In many respects I’ve made great strides toward these broader goals in the course of the past decade, but it is still my desire to realize them more fully as I pass through the portal of another birthday and continue to reach for the correct sort of meaning and joy in life.
Toward that end, my posts this month will focus on ways that we can get better with age: happier, healthier, wiser, more accepting of ourselves, and more spiritually connected. As I focus on fruitful self-exploration this fall, I hope that you will join me to find greater progress, love, and peace in your own life.
Getting Better with Age
A few Points of Focus for Personal Growth This Fall
1. Stop trying to make your life fit into a neat box.
It won’t, it can’t, and if someone has one that appears to, then they’ve probably lived as a coward or drone, or they probably have a lot of “behind the scenes” stuff that you aren’t seeing. I think that most of us were brought up with the idea that your study in college, set the foundations of professional and home life in your twenties and maybe thirties, and then “settle in” to that neat little life of storybooks by your forties.
Now, has that actually happened for anyone reading this? If so that’s great, but I would venture to guess that the majority of us have realized that life is a continual process of trying and failing and then trying and finding victory and then doing it all over again. It is a process of realizing that we were dumb twenty years ago in some respects but wise in others. It is a process of continually making changes and setting new goals and at times just trying to hang on without giving up hope.
Embrace your struggles. Embrace your successes and failures. Embrace the unique craziness that is your existence, and realize that life never was a Norman Rockwell or Thomas Kinkade painting, and it never will be. You don’t have to find “the perfect” life, you just have to find one that works for you and embrace it.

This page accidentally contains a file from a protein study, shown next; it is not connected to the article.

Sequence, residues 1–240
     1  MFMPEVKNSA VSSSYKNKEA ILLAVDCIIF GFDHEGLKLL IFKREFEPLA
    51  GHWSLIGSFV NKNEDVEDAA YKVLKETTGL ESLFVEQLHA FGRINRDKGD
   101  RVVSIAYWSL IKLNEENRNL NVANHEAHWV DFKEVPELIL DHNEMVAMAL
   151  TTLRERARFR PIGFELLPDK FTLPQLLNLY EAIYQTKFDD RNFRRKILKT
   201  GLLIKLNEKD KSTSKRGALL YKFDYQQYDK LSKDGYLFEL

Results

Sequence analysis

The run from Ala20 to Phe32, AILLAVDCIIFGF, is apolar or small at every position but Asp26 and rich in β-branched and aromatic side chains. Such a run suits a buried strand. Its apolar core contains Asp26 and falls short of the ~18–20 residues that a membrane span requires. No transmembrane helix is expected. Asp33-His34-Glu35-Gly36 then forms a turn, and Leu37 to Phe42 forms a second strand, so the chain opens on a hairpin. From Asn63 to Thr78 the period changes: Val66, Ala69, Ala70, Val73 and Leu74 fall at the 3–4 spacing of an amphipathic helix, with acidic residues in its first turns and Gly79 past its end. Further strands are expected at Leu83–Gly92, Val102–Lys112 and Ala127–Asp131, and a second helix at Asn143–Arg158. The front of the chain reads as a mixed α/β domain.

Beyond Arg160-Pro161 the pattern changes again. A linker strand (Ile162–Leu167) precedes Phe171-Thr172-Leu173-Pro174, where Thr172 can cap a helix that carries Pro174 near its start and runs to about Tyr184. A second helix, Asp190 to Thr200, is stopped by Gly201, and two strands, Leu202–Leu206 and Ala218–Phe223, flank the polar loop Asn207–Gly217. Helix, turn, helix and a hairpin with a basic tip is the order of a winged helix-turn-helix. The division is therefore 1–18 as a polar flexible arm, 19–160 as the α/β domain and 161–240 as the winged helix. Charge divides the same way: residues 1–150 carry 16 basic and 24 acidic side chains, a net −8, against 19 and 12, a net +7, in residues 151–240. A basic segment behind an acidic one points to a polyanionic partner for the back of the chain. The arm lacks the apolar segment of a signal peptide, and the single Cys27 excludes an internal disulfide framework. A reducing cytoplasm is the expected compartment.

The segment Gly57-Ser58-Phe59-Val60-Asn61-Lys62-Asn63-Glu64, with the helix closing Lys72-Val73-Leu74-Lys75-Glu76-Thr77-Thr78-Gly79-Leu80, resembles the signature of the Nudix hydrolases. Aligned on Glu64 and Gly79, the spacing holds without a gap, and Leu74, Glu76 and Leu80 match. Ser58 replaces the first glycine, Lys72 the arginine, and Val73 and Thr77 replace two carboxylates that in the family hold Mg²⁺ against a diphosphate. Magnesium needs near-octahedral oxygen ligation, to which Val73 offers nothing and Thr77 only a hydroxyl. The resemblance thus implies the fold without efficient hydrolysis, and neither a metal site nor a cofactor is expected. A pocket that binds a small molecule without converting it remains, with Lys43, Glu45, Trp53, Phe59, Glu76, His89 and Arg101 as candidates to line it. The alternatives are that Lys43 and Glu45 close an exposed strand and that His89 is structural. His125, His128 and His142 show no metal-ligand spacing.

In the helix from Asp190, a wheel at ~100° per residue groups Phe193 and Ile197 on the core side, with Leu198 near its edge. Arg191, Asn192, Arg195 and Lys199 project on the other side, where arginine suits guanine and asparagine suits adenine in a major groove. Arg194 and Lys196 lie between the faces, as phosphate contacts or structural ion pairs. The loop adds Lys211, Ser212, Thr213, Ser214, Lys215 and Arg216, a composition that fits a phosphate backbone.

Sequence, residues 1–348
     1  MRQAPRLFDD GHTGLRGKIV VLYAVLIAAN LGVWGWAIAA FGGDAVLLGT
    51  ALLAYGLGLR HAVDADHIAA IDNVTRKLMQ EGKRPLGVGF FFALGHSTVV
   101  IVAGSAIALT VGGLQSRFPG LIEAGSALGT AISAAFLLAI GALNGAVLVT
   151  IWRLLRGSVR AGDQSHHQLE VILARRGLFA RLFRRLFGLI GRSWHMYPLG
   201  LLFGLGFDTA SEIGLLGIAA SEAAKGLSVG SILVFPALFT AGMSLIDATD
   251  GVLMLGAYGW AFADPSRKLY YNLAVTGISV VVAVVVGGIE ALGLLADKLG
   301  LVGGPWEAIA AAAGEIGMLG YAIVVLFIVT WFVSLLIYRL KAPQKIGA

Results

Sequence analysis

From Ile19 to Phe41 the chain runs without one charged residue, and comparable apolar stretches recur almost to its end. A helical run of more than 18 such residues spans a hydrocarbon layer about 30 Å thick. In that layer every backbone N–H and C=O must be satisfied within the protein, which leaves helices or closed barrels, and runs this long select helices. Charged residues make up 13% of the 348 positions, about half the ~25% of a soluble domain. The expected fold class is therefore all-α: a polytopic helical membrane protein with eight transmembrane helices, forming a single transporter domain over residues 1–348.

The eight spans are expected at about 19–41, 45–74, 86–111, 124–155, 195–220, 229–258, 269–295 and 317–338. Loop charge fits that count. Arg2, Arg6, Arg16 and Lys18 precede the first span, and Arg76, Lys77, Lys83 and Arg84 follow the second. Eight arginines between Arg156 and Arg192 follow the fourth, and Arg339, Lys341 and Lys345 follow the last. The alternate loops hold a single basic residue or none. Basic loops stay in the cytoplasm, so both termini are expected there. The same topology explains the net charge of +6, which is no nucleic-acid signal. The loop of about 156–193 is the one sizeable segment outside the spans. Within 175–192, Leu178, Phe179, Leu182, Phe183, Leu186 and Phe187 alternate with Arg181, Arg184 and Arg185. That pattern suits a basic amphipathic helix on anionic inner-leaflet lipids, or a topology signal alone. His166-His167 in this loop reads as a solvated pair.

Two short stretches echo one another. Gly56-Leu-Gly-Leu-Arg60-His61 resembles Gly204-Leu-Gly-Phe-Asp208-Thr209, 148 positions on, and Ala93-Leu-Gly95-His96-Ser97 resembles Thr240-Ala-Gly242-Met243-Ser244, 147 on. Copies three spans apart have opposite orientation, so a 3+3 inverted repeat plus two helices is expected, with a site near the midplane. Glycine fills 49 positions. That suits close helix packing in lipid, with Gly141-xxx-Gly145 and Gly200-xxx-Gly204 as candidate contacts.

2. Love every iteration of yourself. Accept with understanding your history, good and bad.
Show compassion toward the totality of yourself. Show patience, grace, and encouragement to both the old self and the new self and everything in-between.
Think of the different stages of your life. Take a moment and close your eyes, and picture yourself at 7 years old, 17 years old, 27 years old, and so forth. Think of yourself at your worst and at your best. Think of yourself at your sickest and healthiest, at your most scared and most confident.
Now, give your most frightened self a hug and tell him or her that things will be okay. Give your sickest self a stroke on the head and tell him or her that God and time heal. Give your most confused self some direction, give your most accomplished self necessary congratulations, and give your most anxious self some encouragement. Life—this earthly journey through experience and aging—is complex, and none of us can “do” it perfectly. But if we can accept, forgive, love, and encourage the history of ourselves, then we can have a better future and begin to get a clearer picture of our soul and legacy.
3. See yourself as more than yourself.
1. See yourself as connected to the earth, to humanity, to nature, to history, and to eternity. There is a time for getting in touch with your body, and there is a time for getting outside of your own body and mind. There is a spiritual necessity to detaching from your pains and desires and needs, and indeed from the very thought of “you.”
Today, take a moment, close your eyes, and try to focus on yourself as an egoless, eternal soul, hovering over the various landscapes and energy fields of the earth. Hovering through history, connected to the roaming animals, the mountains, and the rainforests. Picture yourself connected to the ancient Egyptians, the Garden of Eden, the Garden of Gethsemane, the American pilgrims, the African American slaves, ancient royalty, ancient jokers, the homeless, the soldier, your grandparents, Christ.
Get comfortable where you sit right now, and take a deep breath. Breathe in through your nose and exhale slowly through your mouth. Continue doing that, and as you do feel your spirit leaving its body and blowing over the lands and the oceans, time traveling through the centuries; picture it without a career, without a “style,” without money needs, without the stress of any job or relationship or sickness—without the thoughts and physical sensations that have come to define “you.” Picture your soul being free and simply floating through history and geography, making observations and gathering good energy. Picture your soul as much more than what you’ve come to know as your current life. Picture it as shape-shifting and eternal. Erase its limits.